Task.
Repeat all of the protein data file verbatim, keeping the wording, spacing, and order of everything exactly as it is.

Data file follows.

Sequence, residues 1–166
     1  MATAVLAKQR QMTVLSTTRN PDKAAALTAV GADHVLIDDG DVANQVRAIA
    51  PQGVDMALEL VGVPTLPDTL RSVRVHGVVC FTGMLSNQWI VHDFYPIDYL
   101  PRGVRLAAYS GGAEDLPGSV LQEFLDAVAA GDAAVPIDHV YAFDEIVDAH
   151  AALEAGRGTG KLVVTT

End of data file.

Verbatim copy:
Sequence, residues 1–166
     1  MATAVLAKQR QMTVLSTTRN PDKAAALTAV GADHVLIDDG DVANQVRAIA
    51  PQGVDMALEL VGVPTLPDTL RSVRVHGVVC FTGMLSNQWI VHDFYPIDYL
   101  PRGVRLAAYS GGAEDLPGSV LQEFLDAVAA GDAAVPIDHV YAFDEIVDAH
   151  AALEAGRGTG KLVVTT